Foreign Secretary on Syria: "Urgent for the Security Council to pass a meaningful and strong resolution"
- Foreign & Commonwealth Office and The Rt Hon William Hague
- Part of:
- Peace and stability in the Middle East and North Africa and Syria
- First published:
- 1 February 2012
This was published under the 2010 to 2015 Conservative and Liberal Democrat coalition government
Remarks at the stakeout by The Rt Hon William Hague MP, Secretary of State for Foreign and Commonwealth Affairs, at the UN Security Council meeting on Syria.
“Ladies and Gentlemen, good evening,
I think we have had a good discussion in the Security Council of this vital and pressing issue and I hope that by coming here today, my Foreign Minister colleagues, from several other countries, and I, have really helped to impress on the Security Council how seriously we take the urgency of the matter.
As I pointed out earlier in the Security Council, when the Presidential Statement on Syria was agreed in August about a 1,000 people had died, when the Security Council debated the draft Resolution that we and our European colleagues put forward in October about 3,000 people had died.
Now we think nearly 6,000 people have died in Syria in the most appalling repression and violence, and so in the United Kingdom we unequivocally support the work of the Arab League. I think they are to be congratulated and commended on this work, and for coming to the Security Council with their report today, which is a very powerful report.
We’ll continue to support that now as consideration continues of this draft resolution. We think it is urgent for the Security Council to pass a meaningful and strong resolution. And that is why with other nations we’ve put forward this resolution endorsing the plan of the Arab League and I hope the case that has been made so powerfully today will greatly reinforce the arguments for that. A few questions? Yes -
Q: The Russian Ambassador struck a more conciliatory tone than we’ve heard before. Do you see it that way and do you have hopes for …(indistinct)?
A: Well, of course I would like to see it that way. I think we will see over the coming hours, over the next day or so, whether that is the case. I certainly think the discussion at the Security Council illustrated the strength of the arguments for the Arab League plan and also illustrated that there were not many arguments against it and some of the nations that have had misgivings about passing such a resolution did not state very powerful arguments against it.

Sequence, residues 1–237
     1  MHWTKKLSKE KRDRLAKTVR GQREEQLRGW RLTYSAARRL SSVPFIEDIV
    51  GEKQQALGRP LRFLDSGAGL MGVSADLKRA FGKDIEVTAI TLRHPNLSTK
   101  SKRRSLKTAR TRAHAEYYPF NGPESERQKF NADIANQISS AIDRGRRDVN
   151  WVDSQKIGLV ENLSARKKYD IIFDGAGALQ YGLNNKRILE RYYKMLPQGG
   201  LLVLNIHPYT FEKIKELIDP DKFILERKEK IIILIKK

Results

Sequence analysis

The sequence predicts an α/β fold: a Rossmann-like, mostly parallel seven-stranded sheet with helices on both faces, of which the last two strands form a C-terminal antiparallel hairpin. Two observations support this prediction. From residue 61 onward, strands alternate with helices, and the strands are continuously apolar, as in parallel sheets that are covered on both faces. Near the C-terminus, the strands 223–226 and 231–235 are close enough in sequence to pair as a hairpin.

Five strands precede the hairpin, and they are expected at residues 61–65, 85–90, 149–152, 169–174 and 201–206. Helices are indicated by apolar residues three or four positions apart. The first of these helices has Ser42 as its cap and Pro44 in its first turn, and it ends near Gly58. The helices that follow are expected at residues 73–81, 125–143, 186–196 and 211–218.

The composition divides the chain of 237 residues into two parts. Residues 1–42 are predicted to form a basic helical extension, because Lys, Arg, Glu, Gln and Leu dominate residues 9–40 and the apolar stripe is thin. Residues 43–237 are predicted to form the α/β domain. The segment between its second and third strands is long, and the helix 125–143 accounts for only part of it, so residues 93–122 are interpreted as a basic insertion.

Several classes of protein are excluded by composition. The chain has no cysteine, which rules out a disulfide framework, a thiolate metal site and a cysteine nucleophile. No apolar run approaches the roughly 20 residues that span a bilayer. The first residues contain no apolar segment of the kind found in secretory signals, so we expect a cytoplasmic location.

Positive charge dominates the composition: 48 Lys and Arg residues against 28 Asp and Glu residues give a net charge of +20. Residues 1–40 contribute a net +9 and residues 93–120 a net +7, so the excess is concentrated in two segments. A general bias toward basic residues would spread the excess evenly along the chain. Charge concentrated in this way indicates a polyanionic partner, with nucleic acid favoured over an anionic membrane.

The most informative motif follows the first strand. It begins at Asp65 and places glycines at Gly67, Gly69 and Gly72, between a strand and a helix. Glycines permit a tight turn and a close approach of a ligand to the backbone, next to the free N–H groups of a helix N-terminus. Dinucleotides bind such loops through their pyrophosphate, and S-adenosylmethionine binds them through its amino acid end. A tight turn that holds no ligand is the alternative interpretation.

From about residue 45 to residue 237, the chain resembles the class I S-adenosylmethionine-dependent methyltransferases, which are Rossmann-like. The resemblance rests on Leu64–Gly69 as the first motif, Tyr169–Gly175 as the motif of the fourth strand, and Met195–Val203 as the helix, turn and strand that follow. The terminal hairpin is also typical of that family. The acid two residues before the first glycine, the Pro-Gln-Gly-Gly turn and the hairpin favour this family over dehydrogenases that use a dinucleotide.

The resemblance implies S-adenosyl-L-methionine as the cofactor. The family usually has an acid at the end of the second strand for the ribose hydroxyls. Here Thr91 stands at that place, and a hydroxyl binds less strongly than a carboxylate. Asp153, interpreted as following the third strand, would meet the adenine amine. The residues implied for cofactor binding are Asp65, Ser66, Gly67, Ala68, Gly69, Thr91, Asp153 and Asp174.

So I think the benefit of the argument went very clearly to those of us advocating the support for this resolution. Of course, we will hold discussions with Russia and other nations over the next 24 hours to see if we can make progress on this resolution. Yes, next question?
Q: Some critics argue that this draft Resolution may lead to a civil war and / or allow foreign countries to interfere with the internal affairs of Syria. Do you have any response to that?
A: Yes, I have heard it said that this could lead to a civil war. What do we have in Syria now, though? We have people dying every day. We have between 30 and a 100 people being killed violently, every day. We have the torture and abuse of huge numbers of people, including children. What the Arab League are putting forward is a plan for a peaceful resolution of this situation.
So that is the answer to those who think it could make the situation worse. This is a plan by the countries in the region for addressing this problem peacefully in a Syrian led political process and that is the answer to the other part of your question. This is not about foreign intervention in Syria. This is about the United Nations Security Council supporting a Syrian-led political process instigated by the countries of that region. Yes?
Q: In recent days we’ve heard some of the Permanent Representatives on the other side say that what’s most objectionable to them is this idea that you would predetermine in advance that power would be transferred from Assad to his Vice-President. So I wondered, so they say that is predetermining the process, they call it regime change sometimes. Is that an absolute precondition, from your point of view, to solve the crisis?
A: Well, it’s certainly our view. It’s been our view for a long time that President Assad should go and has lost all credibility, not only internationally, but with his own people, so many of his own people as well. That is not what it says in this resolution which supports the Arab League plan and that calls on him to give the power to his deputy to conduct negotiations and discussions with all parties in Syria and so I think it was very clear in what the Prime Minister of Qatar said in presenting the position of the Arab League and what the Secretary-General of the Arab League said. They were very clear that that is what they are proposing and that is not regime change from the UN Security Council. Just time for one more question.
Q: Your position is for President Assad to step down. The Russian position is for them to hold onto the regime of Assad. How can you reconcile these positions given that the negotiations are rather stuck on this political transition? Where do you see hope for compromise or do you not see any?
A: Well, that way to reconcile that is to support the position of the Arab League. This is not western nations trying to impose their view. This is the countries of that region. The leaders of the Arab world putting forward a plan by which the Syrian people can decide on their own future. And that is surely something that all Members of the United Nations should be able to support.
Thank you very much indeed.”
Published: 1 February 2012